Tyrosine is an amino acid that is very helpful to those suffering from low catecholamines. It’s found in high-protein foods and is the main ingredient in catecholamine production. Ross says it takes only 10 to 15 minutes for this amino acid to work on the brain, and start turning around apathetic mood and enhancing concentration and motivation. Other ways in which you can support your levels of catecholamines include:
*Reduce stress: There’s a limit to how many catecholamines your brain and adrenal glands can produce. If you’re constantly stressed, then your catecholamine stores will become depleted.
*Protein is imperative: Some of the best tyrosine-rich protein sources are eggs, salmon, turkey, quail, and game meat. Reduce sweet and starchy foods that divert amino acids from the bloodstream into the muscles, away from the brain.
*Ensure you’re getting enough B vitamins, vitamin C, calcium, and magnesium. Depletion of these key nutrients contributes to symptoms of low catecholamines.
*Make time to exercise, as this raises catecholamines.
*Take a fish oil supplement. Ross says that eating more fish and taking omega-3 fish oil supplements can raise your catecholamines by 40 percent.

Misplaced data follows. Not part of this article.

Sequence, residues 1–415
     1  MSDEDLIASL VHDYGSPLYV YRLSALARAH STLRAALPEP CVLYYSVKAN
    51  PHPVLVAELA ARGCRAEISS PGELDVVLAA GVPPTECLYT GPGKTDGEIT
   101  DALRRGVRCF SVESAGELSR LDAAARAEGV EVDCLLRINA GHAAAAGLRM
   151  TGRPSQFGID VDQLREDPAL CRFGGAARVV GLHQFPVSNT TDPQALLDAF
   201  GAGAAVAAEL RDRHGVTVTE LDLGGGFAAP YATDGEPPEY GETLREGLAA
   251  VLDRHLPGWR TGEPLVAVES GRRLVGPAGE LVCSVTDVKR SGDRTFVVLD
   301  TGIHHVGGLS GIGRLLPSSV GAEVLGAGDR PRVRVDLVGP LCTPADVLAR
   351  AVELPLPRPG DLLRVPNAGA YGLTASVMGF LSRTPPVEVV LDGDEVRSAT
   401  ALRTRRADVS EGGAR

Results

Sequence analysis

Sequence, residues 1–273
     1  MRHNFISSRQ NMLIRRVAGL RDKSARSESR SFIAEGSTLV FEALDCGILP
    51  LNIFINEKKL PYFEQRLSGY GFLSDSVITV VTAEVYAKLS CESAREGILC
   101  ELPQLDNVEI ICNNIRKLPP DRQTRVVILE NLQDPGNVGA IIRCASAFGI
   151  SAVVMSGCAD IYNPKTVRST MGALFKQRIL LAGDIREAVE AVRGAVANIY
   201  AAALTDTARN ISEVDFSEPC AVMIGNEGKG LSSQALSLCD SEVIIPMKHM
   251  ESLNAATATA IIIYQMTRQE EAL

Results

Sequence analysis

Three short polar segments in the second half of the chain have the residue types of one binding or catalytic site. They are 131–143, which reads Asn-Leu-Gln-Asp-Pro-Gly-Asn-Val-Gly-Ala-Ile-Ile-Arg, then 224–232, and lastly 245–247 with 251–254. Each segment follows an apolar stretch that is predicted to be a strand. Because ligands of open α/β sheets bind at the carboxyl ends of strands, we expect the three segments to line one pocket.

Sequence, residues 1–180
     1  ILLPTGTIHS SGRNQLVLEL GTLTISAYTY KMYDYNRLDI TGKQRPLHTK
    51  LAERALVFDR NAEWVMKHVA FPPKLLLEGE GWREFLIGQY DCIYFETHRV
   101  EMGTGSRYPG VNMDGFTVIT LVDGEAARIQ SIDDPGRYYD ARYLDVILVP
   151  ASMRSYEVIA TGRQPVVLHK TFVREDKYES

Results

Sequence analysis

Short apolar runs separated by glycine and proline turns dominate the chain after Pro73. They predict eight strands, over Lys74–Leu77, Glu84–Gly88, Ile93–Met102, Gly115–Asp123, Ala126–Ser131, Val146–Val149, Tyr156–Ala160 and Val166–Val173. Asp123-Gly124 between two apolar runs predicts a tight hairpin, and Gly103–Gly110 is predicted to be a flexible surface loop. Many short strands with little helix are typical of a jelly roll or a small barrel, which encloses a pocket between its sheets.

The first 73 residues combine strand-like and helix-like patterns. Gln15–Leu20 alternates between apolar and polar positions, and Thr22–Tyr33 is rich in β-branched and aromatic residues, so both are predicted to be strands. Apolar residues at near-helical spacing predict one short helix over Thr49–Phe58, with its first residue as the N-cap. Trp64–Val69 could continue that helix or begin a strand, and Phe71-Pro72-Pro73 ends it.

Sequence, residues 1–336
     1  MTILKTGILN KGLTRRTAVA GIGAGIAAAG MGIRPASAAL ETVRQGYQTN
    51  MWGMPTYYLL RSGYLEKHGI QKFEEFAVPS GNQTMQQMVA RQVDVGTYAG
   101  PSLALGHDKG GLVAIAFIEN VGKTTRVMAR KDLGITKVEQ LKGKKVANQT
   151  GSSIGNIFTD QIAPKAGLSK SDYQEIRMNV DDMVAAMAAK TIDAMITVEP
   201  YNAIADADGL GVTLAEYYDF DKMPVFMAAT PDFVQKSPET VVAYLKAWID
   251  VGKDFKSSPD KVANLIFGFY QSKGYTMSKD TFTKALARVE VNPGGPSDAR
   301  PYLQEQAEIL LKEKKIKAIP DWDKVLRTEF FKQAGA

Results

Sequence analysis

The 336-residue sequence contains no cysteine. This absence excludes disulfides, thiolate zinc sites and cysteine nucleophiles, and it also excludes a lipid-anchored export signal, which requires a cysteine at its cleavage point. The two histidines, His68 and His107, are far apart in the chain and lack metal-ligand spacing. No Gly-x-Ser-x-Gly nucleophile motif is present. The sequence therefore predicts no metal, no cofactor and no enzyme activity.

*Ensure you have adequate vitamin D. This fat-soluble vitamin acts like a hormone in the body, encouraging the conversion of tyrosine to catecholamines in your brain and adrenal glands.
*Check the health of your thyroid. Thyroid hormone directs tyrosine into catecholamines and a sluggish thyroid inhibits this process.
*Amino acids play a big role in mental health, and sometimes supplementation is all it takes to see a real and positive difference. When combined with diet and lifestyle changes, amino acids are a safe and effective way to treat otherwise debilitating conditions relating to mental health.

Note: Never take supplements if you’re trying to conceive, are pregnant, are breastfeeding or are on medications. Always speak with your doctor first. Never take serotonin-boosting supplements if you are on an SSRI before speaking with your doctor. It’s advisable to work with a qualified health practitioner when it comes to developing a supplement regime.

Tara Thorne is a clinical nutritionist. Her practice focuses on helping busy women navigate the overwhelm and confusion, and live healthfully in a hectic world.